Ollie Crowe calls for an overhaul on funding for people with disabilities

Cllr. Ollie Crowe, Fianna Fáil General Election Candidate, is calling for better infrastructure, better finance and an increase on the disability allowance so that 642,131 Irish people can feel fully included and treated equally in our society.

“I will continue to be a strong advocate for improving the lives of people with disability. There is no crisis in the country right now that affects such a large percentage of the population than the suffering and unnecessary hardship that is felt by those with a disability and those caring for people with disability. On a recent canvas, I met a family who is a mere €7 over the threshold to qualify for a medical card. Having a child with a disability, the struggle that this and many other families in the same situation have is unacceptable.”

Crowe continued “A recent report showed that there are currently 643,131 people living in Ireland with a disability, that’s an incredible 13% of our population and the stark fact that one quarter have the added burden of living in poverty is shameful. Voluntary groups right across the country, and particularly in the Galway and South-Mayo region, are underfunded and are being continually neglected and left to their own devices. This must change quickly.”

“A lack of funding is hitting this sector harder than ever. It is having a negative impact not only on the vital daily services provided but also on the organisations that are operating in crumbling infrastructure, with pressure being applied from all aspects of their operations with building repairs and upkeep often being the first to suffer. These organisations cannot continue to be left out when budgets are set, and they need a strong voice to help them secure their rightful allocation of proper funding. They represent and care for the most vulnerable of our society, so it is only right that they are cared for by the next government.”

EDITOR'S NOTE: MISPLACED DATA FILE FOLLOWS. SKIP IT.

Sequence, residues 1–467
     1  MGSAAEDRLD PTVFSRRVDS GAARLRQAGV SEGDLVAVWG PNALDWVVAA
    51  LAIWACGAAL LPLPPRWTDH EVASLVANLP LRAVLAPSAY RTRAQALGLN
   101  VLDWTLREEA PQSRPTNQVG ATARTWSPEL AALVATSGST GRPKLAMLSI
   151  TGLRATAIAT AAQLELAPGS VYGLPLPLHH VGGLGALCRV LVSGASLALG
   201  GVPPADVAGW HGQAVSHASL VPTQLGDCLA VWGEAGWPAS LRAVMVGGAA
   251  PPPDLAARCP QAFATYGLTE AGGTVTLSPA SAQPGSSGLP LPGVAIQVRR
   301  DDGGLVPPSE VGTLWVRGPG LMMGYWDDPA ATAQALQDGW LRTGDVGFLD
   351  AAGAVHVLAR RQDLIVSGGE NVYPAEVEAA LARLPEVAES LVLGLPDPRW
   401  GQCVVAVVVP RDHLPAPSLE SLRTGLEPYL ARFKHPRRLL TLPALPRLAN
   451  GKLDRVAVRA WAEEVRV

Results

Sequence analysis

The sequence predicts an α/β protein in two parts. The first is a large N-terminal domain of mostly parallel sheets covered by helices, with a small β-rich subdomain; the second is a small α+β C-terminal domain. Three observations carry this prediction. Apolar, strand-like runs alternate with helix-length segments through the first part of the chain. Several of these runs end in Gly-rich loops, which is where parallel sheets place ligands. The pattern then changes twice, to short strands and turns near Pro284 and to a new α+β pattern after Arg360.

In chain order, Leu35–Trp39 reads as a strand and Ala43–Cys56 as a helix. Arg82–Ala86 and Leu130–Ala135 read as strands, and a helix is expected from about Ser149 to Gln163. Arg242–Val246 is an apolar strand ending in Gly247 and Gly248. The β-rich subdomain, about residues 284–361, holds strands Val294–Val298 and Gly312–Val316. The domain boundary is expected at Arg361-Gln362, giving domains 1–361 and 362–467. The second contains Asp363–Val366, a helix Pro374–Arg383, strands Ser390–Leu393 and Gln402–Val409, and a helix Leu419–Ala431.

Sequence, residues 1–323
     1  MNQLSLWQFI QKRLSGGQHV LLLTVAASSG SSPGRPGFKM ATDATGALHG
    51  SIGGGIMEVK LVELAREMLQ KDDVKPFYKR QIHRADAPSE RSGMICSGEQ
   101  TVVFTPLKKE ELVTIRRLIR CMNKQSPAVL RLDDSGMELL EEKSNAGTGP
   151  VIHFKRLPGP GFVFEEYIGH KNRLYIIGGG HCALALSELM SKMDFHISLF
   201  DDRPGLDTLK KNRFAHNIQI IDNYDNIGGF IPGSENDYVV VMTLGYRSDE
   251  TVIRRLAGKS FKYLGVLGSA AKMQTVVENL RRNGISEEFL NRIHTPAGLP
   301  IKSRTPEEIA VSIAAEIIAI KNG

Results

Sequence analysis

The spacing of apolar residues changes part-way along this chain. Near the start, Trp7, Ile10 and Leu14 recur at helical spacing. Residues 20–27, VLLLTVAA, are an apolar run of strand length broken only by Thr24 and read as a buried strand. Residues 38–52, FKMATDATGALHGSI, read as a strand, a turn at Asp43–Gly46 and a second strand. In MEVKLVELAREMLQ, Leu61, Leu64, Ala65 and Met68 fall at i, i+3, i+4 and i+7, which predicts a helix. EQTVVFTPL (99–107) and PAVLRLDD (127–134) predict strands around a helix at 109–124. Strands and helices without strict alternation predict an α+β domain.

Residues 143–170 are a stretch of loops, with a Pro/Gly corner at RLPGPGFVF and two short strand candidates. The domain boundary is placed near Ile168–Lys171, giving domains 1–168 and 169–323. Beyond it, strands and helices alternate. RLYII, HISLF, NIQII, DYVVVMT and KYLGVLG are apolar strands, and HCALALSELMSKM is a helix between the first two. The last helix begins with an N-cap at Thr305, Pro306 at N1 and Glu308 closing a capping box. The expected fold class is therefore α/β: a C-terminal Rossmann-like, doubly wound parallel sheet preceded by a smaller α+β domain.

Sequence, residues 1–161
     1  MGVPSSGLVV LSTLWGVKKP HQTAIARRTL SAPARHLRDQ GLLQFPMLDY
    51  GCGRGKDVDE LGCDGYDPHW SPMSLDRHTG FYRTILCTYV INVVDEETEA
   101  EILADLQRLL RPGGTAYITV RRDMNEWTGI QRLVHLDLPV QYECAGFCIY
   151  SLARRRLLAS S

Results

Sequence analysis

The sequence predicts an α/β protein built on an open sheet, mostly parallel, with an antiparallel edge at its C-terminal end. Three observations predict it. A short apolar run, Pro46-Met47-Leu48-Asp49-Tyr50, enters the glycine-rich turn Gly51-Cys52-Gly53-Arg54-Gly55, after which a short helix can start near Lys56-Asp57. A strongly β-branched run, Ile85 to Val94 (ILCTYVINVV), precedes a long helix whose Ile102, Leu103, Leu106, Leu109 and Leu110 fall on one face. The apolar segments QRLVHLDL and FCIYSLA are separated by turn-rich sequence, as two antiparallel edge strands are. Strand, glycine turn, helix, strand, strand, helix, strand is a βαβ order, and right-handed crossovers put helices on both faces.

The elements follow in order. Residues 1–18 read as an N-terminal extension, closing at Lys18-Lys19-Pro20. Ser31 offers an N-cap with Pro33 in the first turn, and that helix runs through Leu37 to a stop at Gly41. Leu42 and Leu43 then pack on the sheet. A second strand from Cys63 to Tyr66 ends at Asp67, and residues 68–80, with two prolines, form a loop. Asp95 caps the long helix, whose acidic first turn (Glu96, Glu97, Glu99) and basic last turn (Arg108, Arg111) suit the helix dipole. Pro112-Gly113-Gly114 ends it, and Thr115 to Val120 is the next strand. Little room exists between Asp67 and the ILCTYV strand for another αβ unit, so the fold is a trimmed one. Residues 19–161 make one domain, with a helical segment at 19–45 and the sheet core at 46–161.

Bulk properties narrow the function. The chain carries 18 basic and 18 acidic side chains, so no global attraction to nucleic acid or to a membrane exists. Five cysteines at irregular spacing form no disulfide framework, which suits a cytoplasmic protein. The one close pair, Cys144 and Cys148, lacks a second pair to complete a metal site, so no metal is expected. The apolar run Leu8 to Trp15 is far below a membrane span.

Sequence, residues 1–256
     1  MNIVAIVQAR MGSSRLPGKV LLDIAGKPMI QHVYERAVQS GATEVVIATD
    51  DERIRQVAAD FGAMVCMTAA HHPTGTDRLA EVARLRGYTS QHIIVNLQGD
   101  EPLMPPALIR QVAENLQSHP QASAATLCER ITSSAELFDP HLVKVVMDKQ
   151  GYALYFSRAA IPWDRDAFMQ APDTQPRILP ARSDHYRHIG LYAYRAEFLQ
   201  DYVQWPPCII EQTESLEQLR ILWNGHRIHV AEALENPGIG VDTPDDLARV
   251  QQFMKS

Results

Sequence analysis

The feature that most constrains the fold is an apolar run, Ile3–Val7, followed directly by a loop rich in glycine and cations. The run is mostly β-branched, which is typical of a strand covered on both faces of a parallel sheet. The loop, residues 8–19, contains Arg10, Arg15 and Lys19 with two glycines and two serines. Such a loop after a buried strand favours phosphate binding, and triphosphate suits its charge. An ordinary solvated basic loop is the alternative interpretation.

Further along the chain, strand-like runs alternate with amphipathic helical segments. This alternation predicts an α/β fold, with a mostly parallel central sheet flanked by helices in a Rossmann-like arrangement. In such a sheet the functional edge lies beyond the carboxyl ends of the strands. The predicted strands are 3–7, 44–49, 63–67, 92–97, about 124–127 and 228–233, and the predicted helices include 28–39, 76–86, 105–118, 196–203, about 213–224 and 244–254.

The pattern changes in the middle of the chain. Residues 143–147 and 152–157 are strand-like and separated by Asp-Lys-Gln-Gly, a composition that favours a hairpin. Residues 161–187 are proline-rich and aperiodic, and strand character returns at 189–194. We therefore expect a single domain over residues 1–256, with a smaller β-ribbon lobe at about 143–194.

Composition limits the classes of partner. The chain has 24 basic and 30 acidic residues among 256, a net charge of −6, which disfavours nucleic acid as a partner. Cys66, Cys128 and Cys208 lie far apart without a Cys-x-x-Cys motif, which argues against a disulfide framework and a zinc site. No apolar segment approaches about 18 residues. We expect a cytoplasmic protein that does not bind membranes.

“Proper funding of voluntary organisations working in the disability sector is needed but what is probably more important to address is the very low weekly disability allowance. Having any disability brings many burdens but it also brings extra costs. I will be advocating for an immediate increase in this allowance alongside proper fund­ing of the sector. Organisations like Ability West and Enable Ireland are struggling daily and are overwhelmed by the restrictions placed on them by a lack of proper funding over the last ten years. We are fortunate to have these strong organisations working alongside many other service providers such as the Galway Centre for Independent Living, Galway Autism Partnership, Brothers of Charity, The Irish Wheelchair Association, National Council for the Blind, to mention but a few. All these organisations and many more need better and more structured funding.”